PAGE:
I then added that I consider Whitetop Laurel one of the top five trout destinations in Virginia, perhaps the best one in the Commonwealth, and definitely the most scenic with great rhododendron, sycamores, witch hazel, and striped maples among the flora shrouding its pools.

“I don’t disagree with any of those statements,” laughed Mann. “But I’m prejudiced; this is my home water.”

Stovall said one of the most enticing aspects of Whitetop is the variety of trout-related experiences that exist on the river itself and its tributaries.

“I recently caught browns, rainbows, and brookies from the river, what I call the ‘Whitetop Grand Slam,’” he said. “Whitetop itself is known for its big wild browns, and many of the tributaries have certain reputations. Laurel Creek and Straight Branch have a reputation for producing wild rainbows, and Green Cove is known for its wild browns. Then there are all these small tributaries that have native brook trout in them. And people visit the lower part of Whitetop Laurel because of its stocked trout fishery,” he said.

“Fish the edges on Whitetop Laurel,” Stovall said. “Meaning, work your fly where shade borders sunlight or where chunk rock borders pebbles, or sand is next to gravel, for example. Those places are where the best-sized trout seem to hold.”

Moments later, Chris landed a rainbow and Zac a nice brown-typical action on Whitetop Laurel.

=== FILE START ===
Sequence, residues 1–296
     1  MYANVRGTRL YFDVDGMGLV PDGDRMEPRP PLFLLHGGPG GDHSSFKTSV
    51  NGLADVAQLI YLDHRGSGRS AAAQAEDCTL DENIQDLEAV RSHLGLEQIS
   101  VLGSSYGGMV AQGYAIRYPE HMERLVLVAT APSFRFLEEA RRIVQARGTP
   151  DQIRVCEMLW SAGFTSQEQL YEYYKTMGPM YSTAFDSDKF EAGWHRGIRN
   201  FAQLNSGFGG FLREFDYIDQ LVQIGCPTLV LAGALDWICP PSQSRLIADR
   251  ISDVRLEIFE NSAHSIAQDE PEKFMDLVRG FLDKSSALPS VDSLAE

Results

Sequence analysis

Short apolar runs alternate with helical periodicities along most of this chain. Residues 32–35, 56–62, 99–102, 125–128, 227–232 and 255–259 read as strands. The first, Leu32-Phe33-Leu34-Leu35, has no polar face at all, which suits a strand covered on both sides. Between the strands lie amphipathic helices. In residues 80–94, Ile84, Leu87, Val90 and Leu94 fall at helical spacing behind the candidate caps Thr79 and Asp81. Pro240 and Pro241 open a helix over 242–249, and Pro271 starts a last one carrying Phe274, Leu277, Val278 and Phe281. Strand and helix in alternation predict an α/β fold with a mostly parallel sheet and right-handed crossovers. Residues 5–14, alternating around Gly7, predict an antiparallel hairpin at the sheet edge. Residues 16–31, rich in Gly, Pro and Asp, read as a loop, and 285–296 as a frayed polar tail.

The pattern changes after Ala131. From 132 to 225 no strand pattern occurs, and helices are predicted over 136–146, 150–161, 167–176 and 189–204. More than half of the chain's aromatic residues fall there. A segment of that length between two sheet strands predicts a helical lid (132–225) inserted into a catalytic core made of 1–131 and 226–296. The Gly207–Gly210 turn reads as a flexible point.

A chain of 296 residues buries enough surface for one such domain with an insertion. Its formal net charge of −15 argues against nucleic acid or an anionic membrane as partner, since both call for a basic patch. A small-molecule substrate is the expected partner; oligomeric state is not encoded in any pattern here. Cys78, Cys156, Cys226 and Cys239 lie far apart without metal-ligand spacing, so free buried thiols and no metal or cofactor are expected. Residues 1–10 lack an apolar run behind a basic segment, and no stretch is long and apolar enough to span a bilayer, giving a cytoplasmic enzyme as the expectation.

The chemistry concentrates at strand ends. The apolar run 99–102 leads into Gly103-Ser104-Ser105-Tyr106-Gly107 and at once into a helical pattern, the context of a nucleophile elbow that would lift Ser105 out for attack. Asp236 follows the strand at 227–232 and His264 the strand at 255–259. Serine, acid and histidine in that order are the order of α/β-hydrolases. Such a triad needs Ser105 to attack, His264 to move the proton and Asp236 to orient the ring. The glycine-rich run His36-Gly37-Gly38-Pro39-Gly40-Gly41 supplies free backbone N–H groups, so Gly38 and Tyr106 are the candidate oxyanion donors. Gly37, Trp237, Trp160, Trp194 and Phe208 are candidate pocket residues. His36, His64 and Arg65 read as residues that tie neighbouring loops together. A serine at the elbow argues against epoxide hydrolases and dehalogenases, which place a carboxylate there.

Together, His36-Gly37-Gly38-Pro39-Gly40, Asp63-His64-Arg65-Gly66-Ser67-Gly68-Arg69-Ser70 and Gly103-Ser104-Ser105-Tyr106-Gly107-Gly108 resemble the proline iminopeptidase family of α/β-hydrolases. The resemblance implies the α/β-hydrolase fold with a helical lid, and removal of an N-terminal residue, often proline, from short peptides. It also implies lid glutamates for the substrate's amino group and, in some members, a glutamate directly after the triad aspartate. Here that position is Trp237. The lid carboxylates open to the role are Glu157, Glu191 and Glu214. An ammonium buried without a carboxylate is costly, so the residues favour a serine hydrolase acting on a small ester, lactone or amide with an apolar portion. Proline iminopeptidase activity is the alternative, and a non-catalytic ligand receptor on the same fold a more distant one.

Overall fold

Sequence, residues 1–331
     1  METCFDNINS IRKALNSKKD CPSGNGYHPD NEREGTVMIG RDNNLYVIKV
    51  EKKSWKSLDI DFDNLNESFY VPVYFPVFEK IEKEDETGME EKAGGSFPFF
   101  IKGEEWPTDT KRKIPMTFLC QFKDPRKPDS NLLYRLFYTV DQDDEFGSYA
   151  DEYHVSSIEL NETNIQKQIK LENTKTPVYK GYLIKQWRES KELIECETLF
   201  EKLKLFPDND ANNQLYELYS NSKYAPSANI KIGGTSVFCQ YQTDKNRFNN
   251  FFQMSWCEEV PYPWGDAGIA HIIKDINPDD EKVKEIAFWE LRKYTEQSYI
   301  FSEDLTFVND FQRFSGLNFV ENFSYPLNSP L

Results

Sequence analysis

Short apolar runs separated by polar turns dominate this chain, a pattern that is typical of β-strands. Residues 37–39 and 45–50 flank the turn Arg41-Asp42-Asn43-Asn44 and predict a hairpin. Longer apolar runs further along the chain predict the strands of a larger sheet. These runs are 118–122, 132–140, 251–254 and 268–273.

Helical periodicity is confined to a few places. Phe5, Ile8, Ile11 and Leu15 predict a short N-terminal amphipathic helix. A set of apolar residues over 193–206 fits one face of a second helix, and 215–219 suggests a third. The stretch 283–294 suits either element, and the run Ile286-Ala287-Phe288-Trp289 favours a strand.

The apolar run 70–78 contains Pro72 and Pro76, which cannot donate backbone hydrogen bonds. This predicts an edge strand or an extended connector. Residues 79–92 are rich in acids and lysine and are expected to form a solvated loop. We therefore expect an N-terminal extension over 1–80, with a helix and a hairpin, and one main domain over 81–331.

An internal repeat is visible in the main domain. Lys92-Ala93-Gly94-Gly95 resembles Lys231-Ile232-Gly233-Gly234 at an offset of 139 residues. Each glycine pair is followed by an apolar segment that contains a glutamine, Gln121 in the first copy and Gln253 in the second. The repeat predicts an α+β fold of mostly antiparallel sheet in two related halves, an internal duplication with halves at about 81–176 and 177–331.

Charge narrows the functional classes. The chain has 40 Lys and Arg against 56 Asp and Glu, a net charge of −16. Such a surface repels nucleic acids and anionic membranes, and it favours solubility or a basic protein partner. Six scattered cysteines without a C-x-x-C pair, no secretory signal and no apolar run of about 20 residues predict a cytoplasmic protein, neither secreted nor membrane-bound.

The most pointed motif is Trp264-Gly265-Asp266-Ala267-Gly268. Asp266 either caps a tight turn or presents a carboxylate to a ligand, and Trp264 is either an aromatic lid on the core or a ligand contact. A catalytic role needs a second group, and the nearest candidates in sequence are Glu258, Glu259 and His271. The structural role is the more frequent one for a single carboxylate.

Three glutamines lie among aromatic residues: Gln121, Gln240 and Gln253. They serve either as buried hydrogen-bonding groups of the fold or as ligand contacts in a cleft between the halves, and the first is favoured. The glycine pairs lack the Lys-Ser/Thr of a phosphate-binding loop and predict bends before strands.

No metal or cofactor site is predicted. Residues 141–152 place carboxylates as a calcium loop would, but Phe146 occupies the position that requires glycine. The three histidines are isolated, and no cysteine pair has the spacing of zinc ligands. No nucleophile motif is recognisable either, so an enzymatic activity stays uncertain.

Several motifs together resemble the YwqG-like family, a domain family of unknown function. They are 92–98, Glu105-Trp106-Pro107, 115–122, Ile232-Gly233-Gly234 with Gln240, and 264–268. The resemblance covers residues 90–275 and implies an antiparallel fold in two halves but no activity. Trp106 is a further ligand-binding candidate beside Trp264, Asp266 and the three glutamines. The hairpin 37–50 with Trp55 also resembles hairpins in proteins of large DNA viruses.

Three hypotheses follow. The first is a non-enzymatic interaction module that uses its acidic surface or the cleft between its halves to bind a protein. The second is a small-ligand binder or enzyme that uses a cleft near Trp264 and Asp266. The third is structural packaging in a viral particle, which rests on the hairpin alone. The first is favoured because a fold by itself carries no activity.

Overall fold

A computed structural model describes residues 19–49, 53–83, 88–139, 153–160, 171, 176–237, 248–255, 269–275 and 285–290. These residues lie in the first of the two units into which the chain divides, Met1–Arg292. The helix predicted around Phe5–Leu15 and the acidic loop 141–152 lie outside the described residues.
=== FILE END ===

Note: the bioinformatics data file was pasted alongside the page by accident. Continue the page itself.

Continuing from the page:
Birding the Trail

The next morning, we met Ed Morgan and several birders from the Bristol and Abingdon areas. I’ve birded with Ed, who lives in Abingdon, several times and was eager to share my adventure with him. He agreed that the chestnut-sided warbler and common yellow-throat ranked as the top birds for the outing, and was sympathetic that I had not observed any raptors.

“Kestrels and red-tailed and Cooper’s hawks are breeding birds on the Creeper and can often be seen,” Ed said. “Fall is a good time to spot broad-wing hawks and winter is best for sighting golden eagles. As far as the warblers, the upper section is a good place to hear such uncommon ones as black-throated green and black-throated blue warblers, magnolia warblers, as well as hermit thrushes.”

The lower section of the trail in the Abingdon area features a different subset of birds with mallards, Canada geese, killdeer, bluebirds, and various swallow species being birds that I associate with that trailhead. Morgan’s party and I added the above birds and several other common species to make my overall two-day tally an even 50 species.

The Virginia Creeper Trail is one of the jewels of the Southern Appalachians. And that’s true whether you are a birder, biker, hiker, angler or an outdoor enthusiast of just about any kind.